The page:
CSIPASS,Puthiyara(A Fellowship of CSI Puthiyara Church members.(CALICUT(Kozhikode)-4,Kerala,South INDIA).This is a Registered SOCIAL SOCIETY ORGANIZATION under the Indian Societies Act, working for Social Justice,rights and benefits of church members and engaged in Social Work. We are not against any Laymen,Bishops,Priests or Church workers.But we are here to expose the people who give disregard to the Laws of the Land.
Monday, October 6, 2014
Meet Lilly Thomas-behind clipping of wings of Politicians
Thomas is behind clipping of wings of politicians such as Jayalalithaa and Lalu Prasad who have been accused of accumulating wealth through unfair means.
NEW DELHI:AIADMK'S Jayalalithaa has often said her dream was to be a lawyer but last Saturday when a court convicted her in the disproportionate assets case, it was a woman lawyer, 87-year-old Lily Thomas, who was whisked away by anxious family members from her apartment in Delhi to a 'safer location.'
"Seeing the reaction of people in Tamil Nadu, we were worried about her safety as she lives alone in Delhi. So we brought her to live with us," said Thangam, her niece who lives in Gurgaon.
Lily Thomas is behind clipping of wings of politicians such as Jayalalithaa and Lalu Prasad who have been accused of accumulating wealth through unfair means. She was the petitioner in the case - now referred to as the Lily Thomas judgment - where Supreme Court struck down Section 8(4) of the Representation of the People Act. Following the verdict, a legislator stands disqualified immediately when convicted for two or more years' prison.
"She (Jayalalithaa) looked so powerful when in power but now she stands betrayed and alone. Why didn't her party stop her? Where is the wealth now? Shouldn't it be confiscated? Our law should be so clear that there should be no ifs and buts," Thomas said.
Last week, while coming down the stairs of her New Delhi apartment, she broke her arm and has been asked to take rest. Sitting with a bandaged arm, she recalls it was in 2005 that she filed the petition first, enraged at the sight of convicted getting stay from courts, contesting elections and winning them. The petition was rejected and it was only in her third attempt that she succeeded.
"Earlier, a convicted politician could file an appeal which could result in a stay on the conviction. It encouraged tainted leaders to contest elections," she says. When the UPA government last year prepared an ordinance to nullify the judgment, Thomas quickly prepared a review petition and was all set for another fight, but it was withdrawn. "Krishna in Bhagwad Gita says he will be born for restoring Dharma whenever it is in danger. Here, Dharma gets broken every day. Judiciary has become the correcting mechanism. What we need is a satvik Parliament devoid of corrupt politicians, so that democracy is run on principles." Thomas says she got help from other experts, including Fali Nirman, who argued for the case on her request.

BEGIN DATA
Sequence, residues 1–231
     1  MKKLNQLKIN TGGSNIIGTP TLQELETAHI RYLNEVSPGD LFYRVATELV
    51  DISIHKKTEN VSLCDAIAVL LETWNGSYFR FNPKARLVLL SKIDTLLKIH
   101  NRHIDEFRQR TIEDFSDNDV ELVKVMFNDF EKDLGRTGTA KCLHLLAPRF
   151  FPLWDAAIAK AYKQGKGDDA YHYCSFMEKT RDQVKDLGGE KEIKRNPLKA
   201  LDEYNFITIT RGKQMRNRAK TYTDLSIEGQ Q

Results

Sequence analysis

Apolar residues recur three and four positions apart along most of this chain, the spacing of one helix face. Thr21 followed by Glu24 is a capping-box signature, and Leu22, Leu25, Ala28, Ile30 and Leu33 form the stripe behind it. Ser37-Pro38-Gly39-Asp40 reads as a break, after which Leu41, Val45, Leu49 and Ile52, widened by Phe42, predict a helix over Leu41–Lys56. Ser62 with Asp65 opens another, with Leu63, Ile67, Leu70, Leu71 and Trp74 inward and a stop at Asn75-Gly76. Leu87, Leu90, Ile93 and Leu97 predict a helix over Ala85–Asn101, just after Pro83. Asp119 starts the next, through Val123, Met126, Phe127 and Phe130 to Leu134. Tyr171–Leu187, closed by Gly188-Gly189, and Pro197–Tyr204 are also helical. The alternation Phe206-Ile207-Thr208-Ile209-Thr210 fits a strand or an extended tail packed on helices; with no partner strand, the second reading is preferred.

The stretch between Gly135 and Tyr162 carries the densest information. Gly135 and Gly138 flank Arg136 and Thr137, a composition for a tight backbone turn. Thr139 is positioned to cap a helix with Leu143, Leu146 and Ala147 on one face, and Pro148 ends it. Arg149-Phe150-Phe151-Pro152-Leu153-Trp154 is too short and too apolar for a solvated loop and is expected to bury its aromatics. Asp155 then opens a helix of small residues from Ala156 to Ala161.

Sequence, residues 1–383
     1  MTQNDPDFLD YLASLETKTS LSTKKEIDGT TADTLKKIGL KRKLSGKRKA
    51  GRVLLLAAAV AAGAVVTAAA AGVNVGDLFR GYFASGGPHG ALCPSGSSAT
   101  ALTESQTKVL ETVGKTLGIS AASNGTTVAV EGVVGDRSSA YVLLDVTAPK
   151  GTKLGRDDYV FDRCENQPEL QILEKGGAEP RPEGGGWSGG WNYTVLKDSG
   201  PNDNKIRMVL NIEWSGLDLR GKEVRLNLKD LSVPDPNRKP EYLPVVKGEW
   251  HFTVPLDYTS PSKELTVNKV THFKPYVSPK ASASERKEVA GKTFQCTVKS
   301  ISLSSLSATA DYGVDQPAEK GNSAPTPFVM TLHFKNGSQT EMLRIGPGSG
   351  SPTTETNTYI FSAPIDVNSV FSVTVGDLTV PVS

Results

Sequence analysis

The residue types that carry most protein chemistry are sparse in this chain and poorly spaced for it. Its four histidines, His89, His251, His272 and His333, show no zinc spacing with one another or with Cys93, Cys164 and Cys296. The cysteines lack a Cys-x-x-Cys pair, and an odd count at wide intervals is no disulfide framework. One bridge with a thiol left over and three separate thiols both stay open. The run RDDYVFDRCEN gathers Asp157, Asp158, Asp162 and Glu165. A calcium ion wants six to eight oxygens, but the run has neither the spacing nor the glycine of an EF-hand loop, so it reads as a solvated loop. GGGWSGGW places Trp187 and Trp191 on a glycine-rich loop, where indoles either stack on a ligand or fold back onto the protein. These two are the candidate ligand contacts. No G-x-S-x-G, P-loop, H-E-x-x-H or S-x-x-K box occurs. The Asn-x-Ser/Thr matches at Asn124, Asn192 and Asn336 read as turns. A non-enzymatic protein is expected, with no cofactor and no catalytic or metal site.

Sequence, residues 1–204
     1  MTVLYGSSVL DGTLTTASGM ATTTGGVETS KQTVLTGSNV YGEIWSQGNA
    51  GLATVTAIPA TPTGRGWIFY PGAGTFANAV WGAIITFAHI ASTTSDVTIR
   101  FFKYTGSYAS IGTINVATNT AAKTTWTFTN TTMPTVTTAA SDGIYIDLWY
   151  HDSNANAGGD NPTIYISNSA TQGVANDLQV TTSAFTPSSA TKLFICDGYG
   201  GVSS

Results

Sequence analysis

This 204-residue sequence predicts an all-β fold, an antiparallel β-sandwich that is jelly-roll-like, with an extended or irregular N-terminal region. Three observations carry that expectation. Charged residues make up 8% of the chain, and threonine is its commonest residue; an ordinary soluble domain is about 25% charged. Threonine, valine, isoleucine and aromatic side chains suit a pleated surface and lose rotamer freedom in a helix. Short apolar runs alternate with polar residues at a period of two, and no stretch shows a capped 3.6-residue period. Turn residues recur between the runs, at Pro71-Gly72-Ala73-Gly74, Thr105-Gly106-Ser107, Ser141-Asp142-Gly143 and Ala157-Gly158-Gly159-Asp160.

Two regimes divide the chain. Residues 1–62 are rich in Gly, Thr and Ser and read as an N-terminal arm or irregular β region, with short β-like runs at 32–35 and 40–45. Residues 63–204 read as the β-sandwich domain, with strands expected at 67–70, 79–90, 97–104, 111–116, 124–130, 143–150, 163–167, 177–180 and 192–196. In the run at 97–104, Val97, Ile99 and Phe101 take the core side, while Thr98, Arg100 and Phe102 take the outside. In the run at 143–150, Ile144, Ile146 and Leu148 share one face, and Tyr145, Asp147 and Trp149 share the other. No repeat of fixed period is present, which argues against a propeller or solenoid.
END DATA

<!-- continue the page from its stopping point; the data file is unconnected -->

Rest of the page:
Originally from Kerala's Kottayam, Thomas grew up in Trivandrum and enrolled in the Madras High Court in 1955, after pursuing a law course in Madras University. She then joined the Supreme Court where only three women lawyers were in active practice. Thomas has been filing petitions since 1964 on a variety of issues - from questioning the validity of government exams and sorting out issues of railway employees to one in which the Supreme Court came down heavily on conversion to Islam for the express purpose of entering into a second marriage. Her hero is her father, also an advocate, who fought all his life to demolish a church meant only for Dalits, she says.
For Thomas, age is only a number. Her courage and enthusiasm have not dimmed nor has her sense of humour. Even now, she goes to the court every day and works for 8-10 hours. With over 55 years of experience, she has people coming over for legal advice every day. She can be consulted on any legal issue, except divorce, which she believes should be avoided.
"I read Mills and Boon for fun. I have read all 600 of them. I like the simplicity and warmth of these books." Single at 87, Lily has few regrets. "All the men I liked were already married. I was a romanticist. I wanted Lincoln, James Bond and Churchill in one man." She recalls a judge asking her if she was a miss or a Mrs, "I told him I am a miss but I don't miss much. He laughed so hard that even it would have been audible at India Gate."
She is thorough with the Bible and the Vishnu Sahasranam. "Most Hindus and Christians have not understood their religions well," she says. Niece Thangam and her husband Issac said that their aunt would often give away food and clothes to rag pickers. On a regular day, she is busy preparing PILs to make government answerable for the time-frame of each trial. "I am believer. Jesus is with me all the time, asking me answers to all my actions. As an advocate, I have many responsibilities which I am trying to fulfill," she concludes. crtsy-The Times of India